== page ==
In Kerala, more women are contesting polls, but failing

Even if more female MLAs were elected, that may not be enough to alter gender equations.
In Kerala, more women are contesting polls, but failing
In Kerala, more women are contesting polls, but failing
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By Sreedevi RS

Even if more female MLAs were elected, that may not be enough to alter gender equations, said experts. 


“Merely increasing the number of women representatives will not ensure a qualitative change towards gender inclusion,” said Binitha Thampi, Professor of Development Studies in Department of Humanities and Social Sciences, IIT Madras. “It is time to promote female politics (Sthree Rashtreeyam) that will address practical gender needs.” 


Thampi suggested reservation for women in panchayat–or village-level–politics as a start, to ensure an expansion of the female agenda. “Quotas for woman are being pushed by a creamy layer and woman politicians are accessing honorary masculinity in public spaces,” she said. 


India’s most emancipated women face traditional prejudice 


The declining electoral success of Kerala’s female MLAs does not represent their emancipation and, instead, appears to indicate hardening resistance to their social presence. 


Women led 2014’s Nilpu Samaram (standing agitation), which demanded that the government implement tribal rights over land that allow local communities to use forests and curb police excesses. 


Women also led Pembilai Orumai (female unity), a 2015 protest in the tea-growing hill town of Munnar that demanded higher wages and facilities for plantation workers. 


This confidence in the public sphere reflects the status and emancipation of Kerala’s women, who are India’s most literate (92% female literacy; national average for women—65%), bear fewest children (1.7 total fertility rate; national average—2.5) but have a lower participation rate in the labour-force (18%; national average—25%).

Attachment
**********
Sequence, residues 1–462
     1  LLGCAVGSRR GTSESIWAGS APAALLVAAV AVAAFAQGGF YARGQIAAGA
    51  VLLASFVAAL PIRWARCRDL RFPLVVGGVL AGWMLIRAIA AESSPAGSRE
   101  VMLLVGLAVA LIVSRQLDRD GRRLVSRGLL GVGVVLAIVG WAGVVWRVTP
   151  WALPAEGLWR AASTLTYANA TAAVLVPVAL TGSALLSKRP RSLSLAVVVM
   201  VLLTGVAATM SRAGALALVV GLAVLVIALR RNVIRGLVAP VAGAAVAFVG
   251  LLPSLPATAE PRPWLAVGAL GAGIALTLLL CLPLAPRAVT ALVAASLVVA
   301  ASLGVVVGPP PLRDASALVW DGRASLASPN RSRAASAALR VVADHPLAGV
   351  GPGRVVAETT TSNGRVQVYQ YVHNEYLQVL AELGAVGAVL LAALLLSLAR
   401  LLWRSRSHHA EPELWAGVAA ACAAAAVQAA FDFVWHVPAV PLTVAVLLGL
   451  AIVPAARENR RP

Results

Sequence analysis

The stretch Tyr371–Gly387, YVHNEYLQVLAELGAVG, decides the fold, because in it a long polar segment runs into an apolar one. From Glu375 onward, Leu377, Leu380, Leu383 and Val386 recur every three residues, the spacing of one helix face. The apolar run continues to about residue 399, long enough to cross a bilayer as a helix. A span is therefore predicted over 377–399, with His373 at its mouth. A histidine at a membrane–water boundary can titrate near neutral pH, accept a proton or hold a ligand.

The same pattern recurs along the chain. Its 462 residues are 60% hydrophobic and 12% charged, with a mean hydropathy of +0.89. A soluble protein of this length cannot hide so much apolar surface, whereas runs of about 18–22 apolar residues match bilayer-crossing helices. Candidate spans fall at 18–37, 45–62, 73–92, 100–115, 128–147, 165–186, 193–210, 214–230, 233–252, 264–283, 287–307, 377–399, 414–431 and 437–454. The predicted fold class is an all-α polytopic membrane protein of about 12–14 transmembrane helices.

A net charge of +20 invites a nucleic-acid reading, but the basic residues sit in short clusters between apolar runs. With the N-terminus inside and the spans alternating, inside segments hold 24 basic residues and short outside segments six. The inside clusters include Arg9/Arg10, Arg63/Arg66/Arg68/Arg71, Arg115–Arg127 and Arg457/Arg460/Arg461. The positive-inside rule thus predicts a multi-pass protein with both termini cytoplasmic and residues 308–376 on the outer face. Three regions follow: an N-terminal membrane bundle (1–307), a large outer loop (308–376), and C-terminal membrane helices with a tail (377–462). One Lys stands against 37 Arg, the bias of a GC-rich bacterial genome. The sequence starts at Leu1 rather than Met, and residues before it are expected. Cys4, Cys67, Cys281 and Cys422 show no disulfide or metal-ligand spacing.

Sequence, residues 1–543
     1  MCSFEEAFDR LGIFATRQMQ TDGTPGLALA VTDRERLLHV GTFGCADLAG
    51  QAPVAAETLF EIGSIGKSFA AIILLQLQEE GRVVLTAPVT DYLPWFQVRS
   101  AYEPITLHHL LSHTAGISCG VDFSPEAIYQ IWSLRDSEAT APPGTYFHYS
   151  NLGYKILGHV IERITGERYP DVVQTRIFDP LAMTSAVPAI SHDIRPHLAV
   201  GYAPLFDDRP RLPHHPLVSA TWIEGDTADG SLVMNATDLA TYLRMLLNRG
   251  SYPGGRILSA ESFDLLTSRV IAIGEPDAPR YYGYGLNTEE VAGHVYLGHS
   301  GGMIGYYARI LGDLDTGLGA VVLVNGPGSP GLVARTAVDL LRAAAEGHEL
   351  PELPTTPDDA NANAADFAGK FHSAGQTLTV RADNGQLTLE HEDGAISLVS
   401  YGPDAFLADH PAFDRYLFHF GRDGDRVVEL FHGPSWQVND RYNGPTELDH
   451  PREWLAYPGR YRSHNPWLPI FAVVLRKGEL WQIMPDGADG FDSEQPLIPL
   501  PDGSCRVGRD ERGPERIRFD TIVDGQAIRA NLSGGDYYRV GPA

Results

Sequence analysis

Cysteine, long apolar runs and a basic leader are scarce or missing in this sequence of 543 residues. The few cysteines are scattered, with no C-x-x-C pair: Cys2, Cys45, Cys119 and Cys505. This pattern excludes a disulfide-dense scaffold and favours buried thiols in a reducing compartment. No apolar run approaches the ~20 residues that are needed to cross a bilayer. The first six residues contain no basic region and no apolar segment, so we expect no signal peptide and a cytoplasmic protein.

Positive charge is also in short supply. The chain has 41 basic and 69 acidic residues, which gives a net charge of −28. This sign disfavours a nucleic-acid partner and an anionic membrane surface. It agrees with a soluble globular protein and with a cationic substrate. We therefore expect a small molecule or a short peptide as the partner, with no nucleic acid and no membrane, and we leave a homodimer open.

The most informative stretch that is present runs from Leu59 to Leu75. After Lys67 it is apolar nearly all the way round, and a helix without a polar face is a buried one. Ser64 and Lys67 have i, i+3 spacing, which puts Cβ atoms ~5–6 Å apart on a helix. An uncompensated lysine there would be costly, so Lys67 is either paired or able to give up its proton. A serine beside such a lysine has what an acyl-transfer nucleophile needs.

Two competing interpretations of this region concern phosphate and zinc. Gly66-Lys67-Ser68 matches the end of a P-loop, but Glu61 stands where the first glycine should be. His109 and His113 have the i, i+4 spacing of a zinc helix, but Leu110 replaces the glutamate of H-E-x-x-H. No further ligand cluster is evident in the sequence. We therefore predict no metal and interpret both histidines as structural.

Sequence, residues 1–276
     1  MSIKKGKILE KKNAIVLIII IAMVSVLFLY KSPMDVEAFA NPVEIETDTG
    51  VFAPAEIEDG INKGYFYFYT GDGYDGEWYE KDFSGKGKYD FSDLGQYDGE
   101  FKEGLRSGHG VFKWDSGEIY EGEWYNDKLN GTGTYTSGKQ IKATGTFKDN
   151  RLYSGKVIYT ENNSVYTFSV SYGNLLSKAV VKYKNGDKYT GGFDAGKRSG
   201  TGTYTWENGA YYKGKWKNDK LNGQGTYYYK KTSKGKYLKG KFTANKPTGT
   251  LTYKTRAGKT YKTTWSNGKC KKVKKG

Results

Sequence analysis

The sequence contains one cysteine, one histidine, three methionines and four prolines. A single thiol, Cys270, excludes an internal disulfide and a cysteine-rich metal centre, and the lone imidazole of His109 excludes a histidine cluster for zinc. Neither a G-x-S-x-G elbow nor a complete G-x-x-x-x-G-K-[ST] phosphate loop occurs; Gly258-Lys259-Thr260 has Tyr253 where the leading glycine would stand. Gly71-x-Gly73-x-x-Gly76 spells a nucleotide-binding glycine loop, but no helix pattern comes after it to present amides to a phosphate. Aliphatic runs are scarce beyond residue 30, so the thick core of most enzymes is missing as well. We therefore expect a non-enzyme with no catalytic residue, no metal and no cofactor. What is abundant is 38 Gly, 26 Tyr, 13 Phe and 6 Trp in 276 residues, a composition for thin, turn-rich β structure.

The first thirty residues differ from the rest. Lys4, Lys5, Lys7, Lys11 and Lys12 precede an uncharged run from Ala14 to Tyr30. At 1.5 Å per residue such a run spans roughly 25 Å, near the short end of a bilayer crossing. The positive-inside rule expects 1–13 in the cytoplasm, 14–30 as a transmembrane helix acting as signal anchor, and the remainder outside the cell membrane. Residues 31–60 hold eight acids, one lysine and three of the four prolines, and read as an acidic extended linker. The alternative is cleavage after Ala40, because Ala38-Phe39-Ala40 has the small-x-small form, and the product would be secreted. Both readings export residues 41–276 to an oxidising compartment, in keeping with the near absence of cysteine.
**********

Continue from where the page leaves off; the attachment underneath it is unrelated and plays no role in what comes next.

Consider the credentials of some of Kerala’s losing female candidates: 


* C K Janu, a popular tribal leader, contested as an independent candidate with support from the National Democratic Alliance from the Sulthan Bathery constituency in Wayanad, a northern district with the highest percentage of tribals in Kerala. She finished third among eight candidates with 16% of the vote. 


* P K Jayalakshmi, Minister for Welfare of Scheduled Tribes in the previous government, was the United Democratic Front (UDF) candidate from Mananthavady in Wayanad district. She was second with 42% of the vote. 


The brutal rape and murder of a scheduled-caste female law student after the election was showcased in the media as an indicator of continuing gender inequality and brutality against women in Kerala. 


“Women voters should have trust in women candidates… that trust is gradually fading away,” said Janu, the tribal leader. “Voters are concerned whether women candidates can meet their demands after being elected because the responsibilities of women towards households cannot be broken easily. There are cases where husbands of elected women representatives are taking decisions instead of them.” 


Successful female politicians agree Kerala has a gender problem that extends into the family. 

“The male-female relationship should be reconstituted, and it should start from sharing domestic responsibilities,” said K K Shylaja, minister of health and social welfare. “It has become vital to rethink the role of women as agents of change.” 


While female representation in the current cabinet has doubled (two ministers—K K Shylaja and J Mercykutty Amma) compared to the previous government (one minister—P K Jayalakshmi), Kerala’s first cabinet in 1957 had five women. 


(Sreedevi is an Mphil in Development Studies, Tata Institute of Social Sciences, Mumbai.) 


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